Vancouver Island Trails Conference Recap

May 31, 2014, over 80 people found their way into a room at the Kingfisher resort in Courtney, BC. They were there for the first of an event that Vancouver Island had never seen before, the Vancouver Island Trails Network Conference hosted by VISTA.

What was this Trails Network Conference for?

The Vancouver Island Trails Network Conference was put together to kickstart the networking and community building between members of any and all groups on Vancouver Island that want to help build of the Vancouver Island Spine Trail and related trails. That’s a mouthful. Basically the organizers wanted to bring everyone together and talk about trails on Vancouver Island, and a bit more specifically, the Spine Trail.

Who is VISTA?

The focus of the conference always came back around to the Spine Trail, the soon-to-be baby of the Vancouver Island Spine Trail Association, who are based out of Victoria. The association was started by Gil Parker and is currently chaired by Andrew Pape-Salmon with the sole purpose of bringing to Spine Trail to life. One side-project within that goal has been to connect communities, adventurers and trail builders across the island. A 700km trail does not exist in isolation, it will require a huge amount of volunteer work to be completed and will connect communities that have stood separate for ages.

What was the conference about?

The main goal of the conference was to bring together trail builders, sport and hiking groups, communities, government members and leaders from other organizations and get them talking, to start the conversation around the Spine Trail.“How do we build a 700km trail?”“What can we learn from other large trail projects across the province and Canada?”“Instead of a struggling pet project, inching it’s way up the island, how can we make this a resounding success?”The conversation has obviously already started as the association as existed for years now and the south end of the trail is nearly complete.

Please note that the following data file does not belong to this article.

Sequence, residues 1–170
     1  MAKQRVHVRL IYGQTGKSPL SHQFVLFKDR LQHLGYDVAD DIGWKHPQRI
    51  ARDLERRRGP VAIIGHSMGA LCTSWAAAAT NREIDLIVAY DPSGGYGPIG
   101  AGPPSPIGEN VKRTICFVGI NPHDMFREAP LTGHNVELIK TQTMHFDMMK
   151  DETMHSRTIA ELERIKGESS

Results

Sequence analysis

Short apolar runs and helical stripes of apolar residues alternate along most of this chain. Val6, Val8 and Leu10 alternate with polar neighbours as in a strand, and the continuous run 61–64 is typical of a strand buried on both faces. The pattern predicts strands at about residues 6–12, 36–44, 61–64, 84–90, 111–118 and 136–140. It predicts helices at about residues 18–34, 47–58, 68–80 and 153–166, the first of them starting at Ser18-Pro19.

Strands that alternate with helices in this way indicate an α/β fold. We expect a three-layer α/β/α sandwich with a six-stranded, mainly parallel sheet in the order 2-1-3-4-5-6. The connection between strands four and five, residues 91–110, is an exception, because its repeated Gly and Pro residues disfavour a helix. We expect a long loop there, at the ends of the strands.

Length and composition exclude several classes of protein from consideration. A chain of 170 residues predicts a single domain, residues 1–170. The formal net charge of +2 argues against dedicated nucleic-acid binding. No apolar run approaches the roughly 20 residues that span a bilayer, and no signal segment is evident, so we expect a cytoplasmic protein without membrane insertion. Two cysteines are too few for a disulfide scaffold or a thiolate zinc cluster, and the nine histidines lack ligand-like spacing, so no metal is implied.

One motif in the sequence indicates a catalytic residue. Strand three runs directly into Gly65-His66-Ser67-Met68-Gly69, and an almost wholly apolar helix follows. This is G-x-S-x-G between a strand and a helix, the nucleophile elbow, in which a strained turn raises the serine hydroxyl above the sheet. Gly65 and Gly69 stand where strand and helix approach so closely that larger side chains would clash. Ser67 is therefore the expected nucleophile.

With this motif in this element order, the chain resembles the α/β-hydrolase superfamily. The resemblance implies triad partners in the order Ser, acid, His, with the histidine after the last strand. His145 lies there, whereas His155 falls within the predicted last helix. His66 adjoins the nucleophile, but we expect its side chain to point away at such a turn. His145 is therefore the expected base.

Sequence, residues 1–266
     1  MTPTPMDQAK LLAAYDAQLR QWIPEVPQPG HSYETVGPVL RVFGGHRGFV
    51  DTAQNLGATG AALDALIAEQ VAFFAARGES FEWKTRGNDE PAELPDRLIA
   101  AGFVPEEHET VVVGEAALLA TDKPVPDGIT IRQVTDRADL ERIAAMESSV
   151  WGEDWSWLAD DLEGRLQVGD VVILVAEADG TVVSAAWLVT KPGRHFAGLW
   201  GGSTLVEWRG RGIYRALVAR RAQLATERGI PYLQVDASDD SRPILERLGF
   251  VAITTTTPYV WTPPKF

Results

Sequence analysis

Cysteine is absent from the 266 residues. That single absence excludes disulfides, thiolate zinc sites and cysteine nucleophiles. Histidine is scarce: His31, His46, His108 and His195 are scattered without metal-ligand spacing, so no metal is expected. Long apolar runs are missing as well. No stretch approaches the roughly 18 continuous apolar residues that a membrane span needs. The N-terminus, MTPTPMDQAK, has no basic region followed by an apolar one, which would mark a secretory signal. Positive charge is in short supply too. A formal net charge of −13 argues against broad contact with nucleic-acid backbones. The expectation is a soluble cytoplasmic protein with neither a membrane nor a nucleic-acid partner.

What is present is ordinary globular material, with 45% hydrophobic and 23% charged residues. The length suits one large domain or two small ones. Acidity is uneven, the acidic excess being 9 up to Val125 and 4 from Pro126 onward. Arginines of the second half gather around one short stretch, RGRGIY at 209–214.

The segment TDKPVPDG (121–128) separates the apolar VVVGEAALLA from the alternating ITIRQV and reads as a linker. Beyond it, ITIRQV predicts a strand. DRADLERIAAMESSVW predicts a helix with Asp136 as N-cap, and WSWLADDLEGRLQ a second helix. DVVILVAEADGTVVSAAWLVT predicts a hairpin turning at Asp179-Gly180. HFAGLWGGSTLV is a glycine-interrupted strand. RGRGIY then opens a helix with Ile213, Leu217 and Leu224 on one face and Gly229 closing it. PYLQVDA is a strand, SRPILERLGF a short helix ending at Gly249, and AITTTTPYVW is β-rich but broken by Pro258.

Who was there?

Speaking at the conference were all sorts of folks from mayors and government employees to trail builders and hikers.Trisha Kaplan is the Trail Development Manager for Western and Northern Canada for the Trans Canada Trail. Building a trail across Canada is no easy feat and she had lots to say about the issues they’ve encountered while building the TCT. One highlight was how different every region and province were in what they thought would benefit them most. Communities in the rockies who like to hike and run are not the same as communities in the prairies that like to snowmobile.

Philip Stone is an adventurer and guidebook writer from Vancouver Island. He’s written great books like Island Alpine and Quadra Climbing. He’s been hiking, climbing, kayaking and sailing in the most remote regions of Vancouver Island for the last 25 years. Few know the backcountry here like Philip. He spoke to the challenge of running a trail through the middle of the island and also some history behind the spine or “backbone” idea of the trail.

Ken Melamed was the mayor of Whistler during the Olympics. He talked about the success of their trail system and the economic benefits it brought to his City.

Other names rounded out the list and provided interesting stories related to trails.

Amanda Ridgeway is a director of the Mountain Bike Tourism Association in Cumberland. She calls herself an “amenity migrant”, meaning she moves from place to place because of the amenities there. For her it’s always been the mountain bike trails. She’s moved from Australia to England to Fernie and finally to Cumberland in search of good trails. Many people are doing this these days. Trails can be a huge attraction for people of any ages looking for fun activities where they are going to live.

John Hawkings is the Manager of trails with the Ministry of Forests, Lands and Natural Resources. He talked about provisions in sections 56 and 57 of the Forest and Range Practices Act. Section 56 deals with the establishment of public trails and 57 with the legal authority for them. Having section 56 status means that the Province provides public liability insurance.

What’s going to happen next, going forward?

By the end of the day there was a buzz in the crowd with excitement about new trails on Vancouver Island. There was also some skepticism as well. Other groups have tried in the past to bring groups together only to fade away.

The crew from VISTA committed to keeping in touch with email newsletters about new developments and to arrange for another conference in about 2 years time.I thought the conference went extremely well and brought together some great voices that can put a serious dent in the work that’s left on the Spine Trail as well as all the other trails on the island. No trails are built or maintained without good people and lots of sweat.

How do you connect and help VISTA with the trail?

If you want to know more about the Vancouver Island Trail Association and the Spine Trail and keep in touch, visit their website at http://www.vi-trail.ca.

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